Acknowledgement​

July is always a horrid month for me and mine.

Too many anniversaries bring feelings full of loss and despair for most of the month.

This month, in the midst of sadness, I have moved out of my shared accommodation and into my own place.

This month is bringing with it a reminder of what being free is, of what it feels like to be a strong and independent woman and an acknowledgement of who I am.

I am allowing myself to be sad but trying to pull myself out of wallowing. To see this month as something other than awful.

It is with this thought in mind that I wonder what next July will bring.

Perhaps, it is time to move past sadness and look for a way to celebrate…

One Day

You always told me, “One day…”
Trying in vain to prepare me for these days.

In the early days, I notice your hat is still there – I make a mental note to ask if I can keep it,
But then in the blink of an eye – it is gone.

I take your collection of ties without waiting for a better time,
Folding them up neatly in a bag.

I think of the sadness in your eyes whenever you spoke of a family who was long since gone,
Always preparing me for, “One day…”

I never expected ‘one day’ would feel like this,
Never imagined I would understand so accurately that sadness I saw within you.

Weeks later, we are standing outside our house,
We are all here, waiting.

Liz announces the arrival of the hearse with a deafening, “He’s here.”
Nic and I lose composure, eyes dropping immediately to our feet.

I sit in the funeral car, with your daughters – the magnitude of that moment hits hard,
I am the only grandchild in the car and I wonder, does that not speak volumes?

The house is empty,
I am showing prospective buyers around.

They want to change everything – strip it bare and start anew,
I want to drag them out but instead, I just remove myself.

“One day, I won’t be here anymore. You’ll be telling your grandchildren about me like I am telling you about mine.”

 

I Survived

“I wake up every morning, get dressed and carry on with the day. Even when I don’t feel like it, it’s just what you do.” – Grandad

I was raised strong. I was always a child that held fire in her eyes and I loved it. I challenged people. I questioned life. You get up in the morning and you start anew, you continue on and work through each day.

I have had panic disorder, anxiety, agoraphobia, depression and PTSD but I ALWAYS got up in a morning – even if that was all I did. I had moments of not eating, months of being mute, years of being bullied and belittled. That fire within me dimmed significantly, but it still existed. I still kept hold of that strength, it got me through. Every day was a new day.

I lost my mind somewhere around 2004, so many weeks and months that I have no recollection of. But I got myself out of bed. Always. Made sure to look after my body, if not my mind. Sleep. Eat. Wash. Dress. Read. Repeat.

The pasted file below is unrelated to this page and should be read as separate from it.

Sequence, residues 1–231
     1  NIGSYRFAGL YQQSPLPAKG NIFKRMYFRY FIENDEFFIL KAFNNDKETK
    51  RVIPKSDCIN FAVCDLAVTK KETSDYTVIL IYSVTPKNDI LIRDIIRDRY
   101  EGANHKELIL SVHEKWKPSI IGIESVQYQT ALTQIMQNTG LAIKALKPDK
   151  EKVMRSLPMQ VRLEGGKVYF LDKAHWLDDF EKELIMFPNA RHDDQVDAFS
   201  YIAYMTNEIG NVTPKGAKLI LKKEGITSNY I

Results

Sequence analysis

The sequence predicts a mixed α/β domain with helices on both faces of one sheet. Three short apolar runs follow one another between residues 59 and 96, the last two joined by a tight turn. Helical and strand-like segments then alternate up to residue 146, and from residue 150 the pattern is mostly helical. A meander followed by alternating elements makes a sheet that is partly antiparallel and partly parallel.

Never in my life have I been broken.

Until 12:30pm on January 11th 2018. It was a Thursday.

Everything stopped.

There was no more getting out of bed. Eating was something I held zero interest in doing. In bed, I stayed, for 4 days.

But then, Monday came around and I was expected in University. So, up I got and off I went.

I survived. Unwillingly.

I went from stiff upper lip, ‘I’ve never cried in public’ to “Oh, I’m crying on the bus.”

Falling apart in public became a frequent occurrence. Crying in public bathrooms, on buses, in the street and in the shop was no longer something within my control. It just happened.

I survived.

Unintentionally.

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Breathe

Moving does not solve all problems – I was aware of this. I had reminded myself of this everytime I saw a film where the protagonist’s past followed them into their present.

Moving felt like breathing. Almost like for the first time in my whole goddamn life, I could breathe easy. No more elephants sitting on my chest, no more gasping and no more struggle.

And then…

I visited. I went back, albeit briefly. The journey was no problem, it was very straightforward, however, walking back into my mum’s house felt like walking into someone else’s house. It no longer felt like mine, my room no longer felt familiar.

By the second day, I felt it. Sadness.

There was a shadow. I instinctively thought it was my cat, my boy. My cat that is no longer physically here. My boy, the life that ended because of my decision, because of my love for him. My heart not being able to live with the knowledge he was hurting, dying. He no longer waits for me at that doorway, it was not him.

Sadness.

3 days of hiding, of “Quick, cross the road. Cross the road. Quick.” to avoid not having to see people, of not wanting to socialise.

And then back again, home. The journey delayed by an hour did not phase me, my iPod dying did not phase me, I was numb.

And then finally

Breathe. Again.

New Year

I am sad a lot. I get asked if I am okay, several times a day. Each time my response is the same, “Yeah, just tired.”

There is no one thing, there is nothing. No main reason for such sadness, it just is.

This year – 2018 – will be the year that I write down one positive thing each day. So that by the end of the year I can look back at all the wonderful things that have happened to me and feel grateful for them.

This year I will try to be my best self, even on the worst days.